About the ranking: Data was provided by the Providence Apartment Association. Median income figures are taken from the U.S. Census Bureau’s American Community Survey, which provides a five-year sample of incomes between 2007 and 2011. Rents are taken from survey data collected by Rhode Island Housing. Because of the insufficiency of rental data, the following 11 communities are not in the ranking: Exeter, Foster, Glocester, Hopkinton, Jamestown, Little Compton, New Shoreham, Richmond, Scituate, Smithfield, and West Greenwich.

Note: Since median incomes were only available for Providence as a whole, and not able to be broken out separately for the East Side, the apartment rental data for the East Side is included with the rest of the city. The data for the rents in the East Side and the rest of the city was merged using a weighted algorithm based on the approximate geographic range, putting one sixth of apartments on the East Side and rest in the city.

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Barrington

Rank: 1

Median Resident Income: $98,612

Average Two Bedroom Rent: $1,154

Percent of Income Spent on Rent: 14%

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East Greenwich

Rank: 2

Median Resident Income: $96,591

Average Two Bedroom Rent: $1,335

Percent of Income Spent on Rent: 17%

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North Smithfield

Rank: 3

Median Resident Income: $79,005

Average Two Bedroom Rent: $1,151

Percent of Income Spent on Rent: 17%

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Cumberland

Rank: 4

Median Resident Income: $72,689

Average Two Bedroom Rent: $1,107

Percent of Income Spent on Rent: 18%

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Lincoln

Rank: 5

Median Resident Income: $74,136

Average Two Bedroom Rent: $1,133

Percent of Income Spent on Rent: 18%

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North Kingstown

Rank: 6

Median Resident Income: $78,369

Average Two Bedroom Rent: $1,271

Percent of Income Spent on Rent: 19%

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Burrillville

Rank: 7

Median Resident Income: $68,898

Average Two Bedroom Rent: $1,138

Percent of Income Spent on Rent: 20%

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Coventry

Rank: 8

Median Resident Income: $67,016

Average Two Bedroom Rent: $1,128

Percent of Income Spent on Rent: 20%

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South Kingstown

Rank: 9

Median Resident Income: $74,147

Average Two Bedroom Rent: $1,274

Percent of Income Spent on Rent: 21%

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Bristol

Rank: 10

Median Resident Income: $64,405

Average Two Bedroom Rent: $1,135

Percent of Income Spent on Rent: 21%

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Portsmouth

Rank: 11

Median Resident Income: $76,500

Average Two Bedroom Rent: $1,391

Percent of Income Spent on Rent: 22%

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Charlestown

Rank: 12

Median Resident Income: $69,271

Average Two Bedroom Rent: $1,271

Percent of Income Spent on Rent: 22%

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Middletown

Rank: 13

Median Resident Income: $71,901

Average Two Bedroom Rent: $1,322

Percent of Income Spent on Rent: 22%

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Westerly

Rank: 14

Median Resident Income: $60,432

Average Two Bedroom Rent: $1,123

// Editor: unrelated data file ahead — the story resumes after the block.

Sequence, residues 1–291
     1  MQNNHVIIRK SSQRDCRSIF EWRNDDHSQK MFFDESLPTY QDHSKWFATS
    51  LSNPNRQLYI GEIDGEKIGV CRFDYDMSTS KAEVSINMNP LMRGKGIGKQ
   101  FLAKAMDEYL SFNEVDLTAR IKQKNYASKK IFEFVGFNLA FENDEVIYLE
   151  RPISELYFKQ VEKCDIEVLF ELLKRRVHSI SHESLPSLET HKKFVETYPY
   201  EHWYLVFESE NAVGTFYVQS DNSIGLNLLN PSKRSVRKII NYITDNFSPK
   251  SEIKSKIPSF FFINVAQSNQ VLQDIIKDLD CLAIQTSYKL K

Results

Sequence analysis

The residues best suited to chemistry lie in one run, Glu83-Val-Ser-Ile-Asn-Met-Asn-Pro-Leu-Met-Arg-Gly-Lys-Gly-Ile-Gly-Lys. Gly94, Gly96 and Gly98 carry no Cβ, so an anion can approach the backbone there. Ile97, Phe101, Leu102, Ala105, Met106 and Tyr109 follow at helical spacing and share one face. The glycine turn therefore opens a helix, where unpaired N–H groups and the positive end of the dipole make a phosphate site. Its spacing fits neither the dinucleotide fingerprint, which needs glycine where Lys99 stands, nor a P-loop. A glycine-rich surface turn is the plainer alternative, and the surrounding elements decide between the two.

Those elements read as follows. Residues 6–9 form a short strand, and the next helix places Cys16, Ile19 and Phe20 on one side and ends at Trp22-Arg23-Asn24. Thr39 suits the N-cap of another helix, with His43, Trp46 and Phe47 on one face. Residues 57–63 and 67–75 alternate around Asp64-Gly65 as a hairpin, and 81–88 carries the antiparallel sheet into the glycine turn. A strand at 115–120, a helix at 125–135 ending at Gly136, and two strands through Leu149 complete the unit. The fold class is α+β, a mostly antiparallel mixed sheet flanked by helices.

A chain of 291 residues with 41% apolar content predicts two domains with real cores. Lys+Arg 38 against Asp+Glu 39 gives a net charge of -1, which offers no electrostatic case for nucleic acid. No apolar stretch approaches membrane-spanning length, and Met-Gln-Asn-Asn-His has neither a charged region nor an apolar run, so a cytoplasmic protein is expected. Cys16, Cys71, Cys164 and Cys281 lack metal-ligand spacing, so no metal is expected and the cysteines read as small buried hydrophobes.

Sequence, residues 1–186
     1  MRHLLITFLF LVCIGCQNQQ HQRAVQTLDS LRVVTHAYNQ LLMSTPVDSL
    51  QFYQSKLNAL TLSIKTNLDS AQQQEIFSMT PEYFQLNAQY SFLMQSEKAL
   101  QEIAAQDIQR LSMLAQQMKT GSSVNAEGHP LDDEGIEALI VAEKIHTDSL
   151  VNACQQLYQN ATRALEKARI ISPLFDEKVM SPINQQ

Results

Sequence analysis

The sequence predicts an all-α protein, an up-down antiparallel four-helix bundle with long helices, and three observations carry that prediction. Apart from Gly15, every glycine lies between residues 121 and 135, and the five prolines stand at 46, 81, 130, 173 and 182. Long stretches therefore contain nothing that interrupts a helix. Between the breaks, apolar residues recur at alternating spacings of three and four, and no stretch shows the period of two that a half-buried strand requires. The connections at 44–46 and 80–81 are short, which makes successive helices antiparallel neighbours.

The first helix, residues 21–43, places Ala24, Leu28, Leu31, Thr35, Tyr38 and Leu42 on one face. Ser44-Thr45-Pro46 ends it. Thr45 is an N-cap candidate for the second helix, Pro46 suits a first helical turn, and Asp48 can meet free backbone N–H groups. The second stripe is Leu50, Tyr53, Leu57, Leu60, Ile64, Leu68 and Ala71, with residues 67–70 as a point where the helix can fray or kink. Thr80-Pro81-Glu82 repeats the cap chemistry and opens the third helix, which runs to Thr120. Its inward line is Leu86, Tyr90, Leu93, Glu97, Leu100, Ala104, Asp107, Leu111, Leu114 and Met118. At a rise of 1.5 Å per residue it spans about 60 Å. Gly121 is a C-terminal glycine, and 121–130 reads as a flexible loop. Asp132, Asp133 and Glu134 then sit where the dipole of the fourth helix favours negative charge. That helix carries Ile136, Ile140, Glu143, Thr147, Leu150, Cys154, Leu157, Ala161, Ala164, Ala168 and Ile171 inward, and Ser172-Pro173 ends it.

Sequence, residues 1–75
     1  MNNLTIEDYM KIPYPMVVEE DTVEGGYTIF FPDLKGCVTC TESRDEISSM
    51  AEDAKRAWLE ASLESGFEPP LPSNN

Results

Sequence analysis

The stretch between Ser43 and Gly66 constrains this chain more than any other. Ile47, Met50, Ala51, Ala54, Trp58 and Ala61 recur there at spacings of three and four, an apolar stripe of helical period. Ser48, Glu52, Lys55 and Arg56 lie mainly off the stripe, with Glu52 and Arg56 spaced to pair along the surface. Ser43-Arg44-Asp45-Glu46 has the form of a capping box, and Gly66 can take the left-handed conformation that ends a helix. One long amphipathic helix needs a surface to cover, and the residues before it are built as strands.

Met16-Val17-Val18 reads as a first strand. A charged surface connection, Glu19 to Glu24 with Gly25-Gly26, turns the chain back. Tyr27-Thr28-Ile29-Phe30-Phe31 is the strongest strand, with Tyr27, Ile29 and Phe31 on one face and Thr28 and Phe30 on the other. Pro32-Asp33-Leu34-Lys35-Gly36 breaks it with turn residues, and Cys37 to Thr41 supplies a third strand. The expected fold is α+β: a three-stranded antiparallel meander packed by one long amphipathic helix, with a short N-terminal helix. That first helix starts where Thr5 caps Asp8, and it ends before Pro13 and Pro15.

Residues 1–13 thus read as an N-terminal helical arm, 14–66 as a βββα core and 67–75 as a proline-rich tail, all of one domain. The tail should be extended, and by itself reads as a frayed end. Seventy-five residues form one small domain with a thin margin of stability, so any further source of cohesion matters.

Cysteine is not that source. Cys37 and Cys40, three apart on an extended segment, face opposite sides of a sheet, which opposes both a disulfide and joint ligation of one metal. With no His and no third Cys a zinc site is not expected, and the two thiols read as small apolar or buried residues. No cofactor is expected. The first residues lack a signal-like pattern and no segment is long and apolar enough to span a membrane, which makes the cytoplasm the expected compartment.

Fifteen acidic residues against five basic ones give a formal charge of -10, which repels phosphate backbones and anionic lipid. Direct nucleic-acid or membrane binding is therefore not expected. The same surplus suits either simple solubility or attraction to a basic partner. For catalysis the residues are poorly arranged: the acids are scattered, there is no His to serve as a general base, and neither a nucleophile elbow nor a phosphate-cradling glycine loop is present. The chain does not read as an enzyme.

Percent of Income Spent on Rent: 22%

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Tiverton

Rank: 15

Median Resident Income: $63,767

Average Two Bedroom Rent: $1,216

Percent of Income Spent on Rent: 23%

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Narragansett

Rank: 16

Median Resident Income: $64,031

Average Two Bedroom Rent: $1,235

Percent of Income Spent on Rent: 23%

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Cranston

Rank: 17

Median Resident Income: $58,442

Average Two Bedroom Rent: $1,157

Percent of Income Spent on Rent: 24%

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Warren

Rank: 18

Median Resident Income: $53,284

Average Two Bedroom Rent: $1,057

Percent of Income Spent on Rent: 24%

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West Warwick

Rank: 19

Median Resident Income: $50,006

Average Two Bedroom Rent: $1,096

Percent of Income Spent on Rent: 26%

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Warwick

Rank: 20

Median Resident Income: $59,973

Average Two Bedroom Rent: $1,315

Percent of Income Spent on Rent: 26%

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Johnston

Rank: 21

Median Resident Income: $54,880

Average Two Bedroom Rent: $1,213

Percent of Income Spent on Rent: 27%

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North Providence

Rank: 22

Median Resident Income: $50,211

Average Two Bedroom Rent: $1,114

Percent of Income Spent on Rent: 27%

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Newport

Rank: 23

Median Resident Income: $58,080

Average Two Bedroom Rent: $1,371

Percent of Income Spent on Rent: 28%

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East Providence

Rank: 24

Median Resident Income: $49,408

Average Two Bedroom Rent: $1,197

Percent of Income Spent on Rent: 29%

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Pawtucket

Rank: 25

Median Resident Income: $39,628

Average Two Bedroom Rent: $1,026

Percent of Income Spent on Rent: 31%

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Woonsocket

Rank: 26

Median Resident Income: $39,329

Average Two Bedroom Rent: $1,021

Percent of Income Spent on Rent: 31%

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Central Falls

Rank: 27

Median Resident Income: $32,759

Average Two Bedroom Rent: $863

Percent of Income Spent on Rent: 32%

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Providence

Rank: 28

Median Resident Income: $38,922

Average Two Bedroom Rent: $1,126

Percent of Income Spent on Rent: 35%

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Statewide Average

Median Resident Income: $55,975

Average Two Bedroom Rent: $1,176

Percent of Income Spent on Rent: 25%